chairs of the house and senate committees with jurisdiction over agriculture, commerce,
and transportation policy and finance, at least 270 days prior to the date of each scheduled
increase, that all of the following conditions have been met and the state is prepared to
move to the next scheduled minimum content level:
    (1) an American Society for Testing and Materials specification or equivalent federal
standard exists for the next minimum diesel-biodiesel blend;
    (2) a sufficient supply of biodiesel is available and the amount of biodiesel produced
in this state from feedstock with at least 75 percent that is produced in the United States
and Canada is equal to at least 50 percent of anticipated demand at the next minimum
content level;
    (3) adequate blending infrastructure and regulatory protocol are in place in order to
promote biodiesel quality and avoid any potential economic disruption; and
    (4) at least five percent of the amount of biodiesel necessary for that minimum
content level will be produced from a biological resource other than an agricultural
resource traditionally grown or raised in the state, including, but not limited to, algae
cultivated for biofuels production, waste oils, and tallow.
    The condition in clause (2) may be waived if the commissioner finds that, due to
weather-related conditions, the necessary feed stock is unavailable.
    The condition in clause (4) may be waived if the commissioners find that the use of
these nontraditional feedstocks would be uneconomic under market conditions existing at
the time notice is given under this paragraph.
    (c) The commissioners of agriculture, commerce, and pollution control must consult
with the biodiesel task force when assessing and certifying conditions in paragraph (b),
and in general must seek the guidance of the biodiesel task force regarding biodiesel
labeling, enforcement, and other related issues.
    (d) During a period of biodiesel fuel shortage or a problem with biodiesel quality
that negatively affects the availability of biodiesel fuel, the commissioner of commerce
may temporarily suspend the minimum content requirement in subdivision 2 until there
is sufficient biodiesel fuel, as defined in subdivision 1, available to fulfill the minimum
content requirement.
    (e) By February 1, 2012, and periodically thereafter, the commissioner of commerce
shall determine the wholesale diesel price at various pipeline and refinery terminals in the
region, and the biodiesel price determined after credits and incentives are subtracted at
biodiesel plants in the region. The commissioner shall report wholesale price differences to
the governor who, after consultation with the commissioners of commerce and agriculture,
may by executive order adjust the biodiesel mandate if a price disparity reported by the
commissioner will cause economic hardship to retailers of diesel fuel in this state. Any
adjustment must be for a specified period of time, after which the percentage of biodiesel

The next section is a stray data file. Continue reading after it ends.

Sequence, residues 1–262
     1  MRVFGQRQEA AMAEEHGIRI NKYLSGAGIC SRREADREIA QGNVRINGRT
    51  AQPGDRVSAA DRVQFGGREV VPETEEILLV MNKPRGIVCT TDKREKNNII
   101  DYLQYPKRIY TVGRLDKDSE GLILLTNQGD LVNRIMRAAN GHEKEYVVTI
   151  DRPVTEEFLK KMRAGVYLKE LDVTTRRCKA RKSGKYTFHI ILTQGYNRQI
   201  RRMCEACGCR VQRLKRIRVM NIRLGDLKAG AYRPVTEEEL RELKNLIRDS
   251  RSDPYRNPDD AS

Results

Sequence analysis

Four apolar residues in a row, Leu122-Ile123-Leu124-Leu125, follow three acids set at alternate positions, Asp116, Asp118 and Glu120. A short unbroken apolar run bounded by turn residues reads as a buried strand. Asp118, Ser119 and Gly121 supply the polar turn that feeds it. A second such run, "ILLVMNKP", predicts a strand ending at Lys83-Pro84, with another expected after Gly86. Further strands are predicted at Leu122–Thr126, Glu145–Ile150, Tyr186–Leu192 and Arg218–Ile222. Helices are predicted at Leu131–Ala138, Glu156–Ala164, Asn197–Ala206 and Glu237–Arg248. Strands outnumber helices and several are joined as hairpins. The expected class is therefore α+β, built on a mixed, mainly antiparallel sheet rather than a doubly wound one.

fuel to be blended into diesel fuel returns to the amount required in subdivision 2. The
biodiesel mandate must not be adjusted to less than five percent.
    Subd. 3. Exceptions. (a) The minimum content requirement requirements of
subdivision 2 does do not apply to fuel used in the following equipment:
    (1) motors located at an electric generating plant regulated by the Nuclear
Regulatory Commission;
    (2) railroad locomotives; and
    (3) off-road taconite and copper mining equipment and machinery;
    (4) off-road logging equipment and machinery; and
    (5) until May 1, 2010, vehicles and equipment used exclusively on an aircraft
landing field.
    (b) The exemption in paragraph (a), clause (1), expires 30 days after the Nuclear
Regulatory Commission has approved the use of biodiesel fuel in motors at electric
generating plants under its regulation.
    (c) This subdivision expires on May 1, 2012.
    Subd. 4. Disclosure. A refinery or terminal shall provide, at the time diesel fuel
is sold or transferred from the refinery or terminal, a bill of lading or shipping manifest
to the person who receives the fuel. For biodiesel-blended products, the bill of lading or
shipping manifest must disclose biodiesel content, stating volume percentage, gallons of
biodiesel per gallons of petroleum diesel base-stock, or an ASTM "Bxx" designation
where "xx" denotes the volume percent biodiesel included in the blended product. This
subdivision does not apply to sales or transfers of biodiesel blend stock between refineries,
between terminals, or between a refinery and a terminal.
    Subd. 5. Annual report. Beginning in 2009, the commissioner of agriculture
must report by January 15 of each year to the chairs and ranking minority members of
the legislative committees and divisions with jurisdiction over agriculture policy and
finance regarding the implementation of the minimum content requirements in subdivision
2, including information about the price and supply of biodiesel fuel. The report shall
include information about the impacts of the biodiesel mandate on the development of
biodiesel production capacity in the state, and on the use of feedstock grown or raised in
the state for biodiesel production. The report must include any written comments received
from members of the biodiesel fuel task force by January 1 of that year designated by
them for inclusion in the report.

    Sec. 52. Minnesota Statutes 2006, section 239.7911, subdivision 2, is amended to read:
    Subd. 2. Promotion of renewable liquid fuels. (a) The commissioner of
agriculture, in consultation with the commissioners of commerce and the Pollution
Control Agency, shall identify and implement activities necessary for the widespread use
of renewable liquid fuels in the state. Beginning November 1, 2005, and continuing